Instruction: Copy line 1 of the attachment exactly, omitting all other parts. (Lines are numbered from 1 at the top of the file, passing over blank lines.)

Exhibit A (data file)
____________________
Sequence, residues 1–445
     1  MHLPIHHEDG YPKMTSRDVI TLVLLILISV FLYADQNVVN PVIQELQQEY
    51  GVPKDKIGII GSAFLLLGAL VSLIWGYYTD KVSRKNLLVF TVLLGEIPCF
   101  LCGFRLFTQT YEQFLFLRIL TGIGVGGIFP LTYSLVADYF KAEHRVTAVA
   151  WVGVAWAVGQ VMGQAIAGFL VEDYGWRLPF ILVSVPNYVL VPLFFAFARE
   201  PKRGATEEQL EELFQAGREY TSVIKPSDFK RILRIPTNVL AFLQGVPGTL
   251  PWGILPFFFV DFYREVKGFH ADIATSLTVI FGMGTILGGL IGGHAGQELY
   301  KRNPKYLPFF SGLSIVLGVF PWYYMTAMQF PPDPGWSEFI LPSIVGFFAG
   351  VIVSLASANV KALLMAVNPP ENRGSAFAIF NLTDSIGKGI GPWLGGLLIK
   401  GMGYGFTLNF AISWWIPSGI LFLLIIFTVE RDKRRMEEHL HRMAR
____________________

Sequence, residues 1–445